Death Penalty Is Cruel But Not Unusual in the U.S.

On September 21, 2011 the state of Georgia executed Troy Davis, despite serious doubts about his guilt.  It is quite possible that Georgia put an innocent man to death.  And Troy Davis is not the only person convicted and executed on shaky evidence.  There are at least 10 men put to death, 6 in Texas, the most recent in 2004, who more likely than not, did not commit the crime in question.  130 prisoners have been exonerated of charges and taken off death row.  Currently, 3261 have been sentenced to die; 27 executions have been scheduled for the next two years – 13 in Texas, the state with the most  executions overall.  Since Rick Perry has been Governor of Texas, 236 executions have taken place in the Lone Star State, 40% of all executions in the U.S. in the last 10 years.

Troy Davis was not the only man put to death on September 21, 2011. In Texas, Lawrence Brewer, a white supremacist convicted of murdering a black man in a racially motivated hate crime, died by lethal injection.  The following day, Alabama executed Derrick Mason.  In the last two years, 82 people have been executed in the U.S.   Worldwide, only China, Iran and Yemen have executed more.   Since the death penalty became a legal form of punishment in 1976, states have put to death 1,258  men and 12 women.

Though permitted by law, the death penalty violates the Eighth Amendment to the U.S. Constitution which prohibits cruel and unusual punishment.  And unusual it is.  Of the 196 countries in existence today, only 29% carry out executions.

Given the probability of a wrongful execution, the death penalty should never be carried out.  DNA evidence has exonerated a number of death row inmates in recent years.  And there have been convictions and executions based on sketchy evidence.  That black men have been executed in much larger proportion to their numbers in the general population is another concern raising questions of inadequate council, and unfair trials plagued by discriminatory views and racism.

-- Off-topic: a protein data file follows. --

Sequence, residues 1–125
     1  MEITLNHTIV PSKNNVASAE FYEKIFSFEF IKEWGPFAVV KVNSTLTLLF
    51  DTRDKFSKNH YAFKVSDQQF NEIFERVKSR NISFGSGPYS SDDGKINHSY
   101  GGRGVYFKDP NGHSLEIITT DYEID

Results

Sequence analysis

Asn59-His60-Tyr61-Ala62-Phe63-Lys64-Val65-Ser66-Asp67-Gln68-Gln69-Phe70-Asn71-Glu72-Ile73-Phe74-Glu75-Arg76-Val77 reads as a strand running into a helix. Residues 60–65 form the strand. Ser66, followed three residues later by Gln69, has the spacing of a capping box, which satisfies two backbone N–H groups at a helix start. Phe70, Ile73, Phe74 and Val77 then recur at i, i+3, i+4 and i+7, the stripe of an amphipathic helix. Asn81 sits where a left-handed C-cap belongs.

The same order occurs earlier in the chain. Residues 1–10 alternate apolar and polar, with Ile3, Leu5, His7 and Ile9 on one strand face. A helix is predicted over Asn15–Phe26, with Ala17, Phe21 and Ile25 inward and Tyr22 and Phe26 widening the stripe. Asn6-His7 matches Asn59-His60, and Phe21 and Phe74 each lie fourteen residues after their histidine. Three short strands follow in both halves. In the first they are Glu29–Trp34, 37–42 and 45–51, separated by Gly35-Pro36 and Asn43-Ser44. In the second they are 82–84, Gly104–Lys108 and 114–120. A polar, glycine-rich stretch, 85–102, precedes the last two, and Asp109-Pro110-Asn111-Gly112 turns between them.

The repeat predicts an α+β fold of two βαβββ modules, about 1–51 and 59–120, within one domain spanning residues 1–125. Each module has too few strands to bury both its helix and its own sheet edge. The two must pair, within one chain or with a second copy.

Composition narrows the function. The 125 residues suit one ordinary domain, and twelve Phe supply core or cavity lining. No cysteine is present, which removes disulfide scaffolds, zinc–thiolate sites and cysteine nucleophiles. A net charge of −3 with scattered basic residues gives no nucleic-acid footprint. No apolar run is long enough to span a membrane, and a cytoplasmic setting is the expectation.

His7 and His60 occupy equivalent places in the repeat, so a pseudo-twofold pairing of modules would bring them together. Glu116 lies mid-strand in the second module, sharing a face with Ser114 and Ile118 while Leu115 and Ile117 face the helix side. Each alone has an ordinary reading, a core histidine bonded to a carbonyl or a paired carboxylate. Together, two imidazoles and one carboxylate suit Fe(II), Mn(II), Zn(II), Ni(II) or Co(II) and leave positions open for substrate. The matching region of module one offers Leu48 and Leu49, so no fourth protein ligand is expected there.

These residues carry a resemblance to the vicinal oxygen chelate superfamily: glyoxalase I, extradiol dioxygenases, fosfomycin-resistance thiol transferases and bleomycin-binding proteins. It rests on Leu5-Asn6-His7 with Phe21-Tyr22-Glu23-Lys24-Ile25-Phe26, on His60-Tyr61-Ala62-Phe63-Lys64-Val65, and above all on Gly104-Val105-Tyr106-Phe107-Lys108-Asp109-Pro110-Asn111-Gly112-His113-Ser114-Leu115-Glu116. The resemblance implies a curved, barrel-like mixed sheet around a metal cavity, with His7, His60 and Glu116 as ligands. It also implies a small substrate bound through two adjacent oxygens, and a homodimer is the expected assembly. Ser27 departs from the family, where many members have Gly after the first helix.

There is also an economic argument against the death penalty.  Statistics show that it costs nearly three times as much to try a death penalty case with all the appeals procedures involved than it would cost to keep the inmate incarcerated.  Cost estimates are as high as 3 million for each execution.  From a purely economic standpoint, the 34 states with death penalty laws on the books should reconsider.

And there is no evidence to suggest that the death penalty deters crime.  If anything, it promotes violence, revenge and Old Testament vigilante justice.  Americans are armed to the teeth and know how to shoot.

From a Christian standpoint, the killing of Jesus would seem to provide the ultimate example of a wrongful execution.  However, the Christian community and perhaps even all world religions are split on the question with arguments both for and against the application of the death penalty.  If you were to ask Jesus what he thinks of the death penalty, based on his teachings, I would say he would be against it.  “Do not resist an evil person.  If someone strikes you on the right cheek, turn to him the other also”.  “Judge not, that ye be not judged”. “Neither do I condemn thee; go, and sin no more.”

Statistics cited come from the following sources:

Death Penalty Information Center

Huff Post World

Amnesty International